Never like in this historic moment, thanks to the reduced turnout of visitors, there is the unique and exclusive opportunity to understand and contemplate, in every detail, the beauty and uniqueness of the Vatican Gardens. A peaceful green oasis inside Vatican City that was requested by Pope Niccolò III (1277-1280) and meant as a place to rest and meditate. The gardens were expanded over the centuries and currently extend from South to North-West of Vatican City, occupying a surface area of approximately 23 hectares. The gardens are divided into different areas (Italian style garden, English style garden, the Pope’s vegetable garden) and also host some of the most important Papal offices like the Governor’s Palace and the Tribunal. The Renaissance was the garden’s greatest development period, where fountains, statues and temples were built, some even by architects and artists like Donato Bramante and Pirro Ligorio.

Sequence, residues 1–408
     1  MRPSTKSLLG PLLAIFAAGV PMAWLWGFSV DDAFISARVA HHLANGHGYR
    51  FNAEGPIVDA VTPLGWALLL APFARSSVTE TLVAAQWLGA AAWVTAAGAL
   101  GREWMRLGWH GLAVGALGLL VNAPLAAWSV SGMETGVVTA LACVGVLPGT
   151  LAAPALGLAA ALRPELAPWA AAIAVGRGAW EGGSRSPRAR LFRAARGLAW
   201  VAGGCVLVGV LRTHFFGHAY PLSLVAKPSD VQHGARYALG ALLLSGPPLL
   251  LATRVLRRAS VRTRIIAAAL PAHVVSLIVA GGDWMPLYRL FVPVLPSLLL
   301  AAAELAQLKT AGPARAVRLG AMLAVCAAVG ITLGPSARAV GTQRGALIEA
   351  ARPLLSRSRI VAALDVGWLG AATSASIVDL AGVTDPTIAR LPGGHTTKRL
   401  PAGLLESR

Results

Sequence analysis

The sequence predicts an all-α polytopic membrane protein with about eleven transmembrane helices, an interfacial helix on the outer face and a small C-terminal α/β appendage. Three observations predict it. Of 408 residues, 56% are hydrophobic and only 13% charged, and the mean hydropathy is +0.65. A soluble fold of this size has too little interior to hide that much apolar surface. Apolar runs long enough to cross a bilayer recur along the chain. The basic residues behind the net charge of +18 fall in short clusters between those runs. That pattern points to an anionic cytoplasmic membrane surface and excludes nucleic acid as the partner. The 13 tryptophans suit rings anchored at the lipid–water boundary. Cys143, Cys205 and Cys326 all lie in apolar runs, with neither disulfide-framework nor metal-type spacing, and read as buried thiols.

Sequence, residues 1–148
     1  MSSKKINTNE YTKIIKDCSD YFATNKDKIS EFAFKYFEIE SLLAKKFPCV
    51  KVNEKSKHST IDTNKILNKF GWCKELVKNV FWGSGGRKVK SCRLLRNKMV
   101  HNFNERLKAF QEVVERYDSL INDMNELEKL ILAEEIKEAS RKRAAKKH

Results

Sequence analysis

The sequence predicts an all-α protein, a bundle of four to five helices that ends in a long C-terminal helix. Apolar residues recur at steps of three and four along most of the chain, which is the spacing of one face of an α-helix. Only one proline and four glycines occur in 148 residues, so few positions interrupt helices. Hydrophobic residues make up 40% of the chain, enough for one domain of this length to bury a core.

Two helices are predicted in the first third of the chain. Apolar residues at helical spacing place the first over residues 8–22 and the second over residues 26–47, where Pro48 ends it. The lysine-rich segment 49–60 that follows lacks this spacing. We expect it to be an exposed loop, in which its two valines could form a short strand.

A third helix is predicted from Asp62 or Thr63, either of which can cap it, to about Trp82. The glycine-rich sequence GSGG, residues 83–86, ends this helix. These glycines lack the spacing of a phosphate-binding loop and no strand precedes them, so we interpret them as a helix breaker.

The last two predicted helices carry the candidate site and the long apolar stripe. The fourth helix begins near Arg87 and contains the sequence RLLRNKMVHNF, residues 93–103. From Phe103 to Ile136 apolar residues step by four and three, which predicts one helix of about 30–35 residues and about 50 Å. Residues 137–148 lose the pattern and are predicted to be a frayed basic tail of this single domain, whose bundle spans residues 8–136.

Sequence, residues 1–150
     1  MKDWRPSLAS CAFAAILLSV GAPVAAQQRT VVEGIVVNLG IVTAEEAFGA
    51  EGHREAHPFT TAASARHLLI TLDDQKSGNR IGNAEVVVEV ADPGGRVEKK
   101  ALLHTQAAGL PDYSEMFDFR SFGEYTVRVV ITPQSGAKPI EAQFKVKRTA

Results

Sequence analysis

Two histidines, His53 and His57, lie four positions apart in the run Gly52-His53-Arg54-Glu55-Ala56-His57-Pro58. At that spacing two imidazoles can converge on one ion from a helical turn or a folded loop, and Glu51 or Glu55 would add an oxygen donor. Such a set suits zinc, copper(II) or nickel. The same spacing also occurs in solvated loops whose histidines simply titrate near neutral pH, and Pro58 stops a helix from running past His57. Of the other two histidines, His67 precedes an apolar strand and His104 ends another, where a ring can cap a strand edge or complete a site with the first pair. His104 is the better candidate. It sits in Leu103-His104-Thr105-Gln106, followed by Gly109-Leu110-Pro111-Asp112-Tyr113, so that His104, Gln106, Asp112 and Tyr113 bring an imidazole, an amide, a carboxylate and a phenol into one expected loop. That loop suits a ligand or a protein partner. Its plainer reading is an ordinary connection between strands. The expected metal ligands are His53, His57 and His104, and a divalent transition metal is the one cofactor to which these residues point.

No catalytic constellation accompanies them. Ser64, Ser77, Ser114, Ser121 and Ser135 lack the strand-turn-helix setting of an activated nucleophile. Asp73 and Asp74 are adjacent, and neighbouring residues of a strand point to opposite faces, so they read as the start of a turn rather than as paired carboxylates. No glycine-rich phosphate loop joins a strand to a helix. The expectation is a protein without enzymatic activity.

Monday – Saturday: 8.30am – 6.30pm (last entry at 4.30pm).
The extraordinary openings on the last Sunday of the month have been suspended. We remind you that, in addition to Sundays, the Vatican Museums are closed to the public on the following dates: June 11, June 29 August 14 – 15, December 8, 25, 26
Mandatory online reservations on the official website tickets.museivaticani.va
Entries are divided into time slots, with entry to the museums every 15 minutes.
On the day of your visit, you must respect the precise time written on your reservation voucher.
To access the Vatican Museums and Gardens, it’s mandatory to wear your face mask. The face mask must be worn throughout the whole duration of your visit.
Entry to the Vatican will be denied to anyone who has a temperature equal to or higher than 37.5°C
Guided visits and groups
Group visits are possible for groups up to 10 people (plus the guide)
The Direzione dei Musei also organizes guided tours entrusted to its educational operators for groups of 10 people that can be booked through the official ticket.museivaticani.va ticket office.
Please note that in this case, visitors should present themselves 15 minutes prior to the scheduled departure.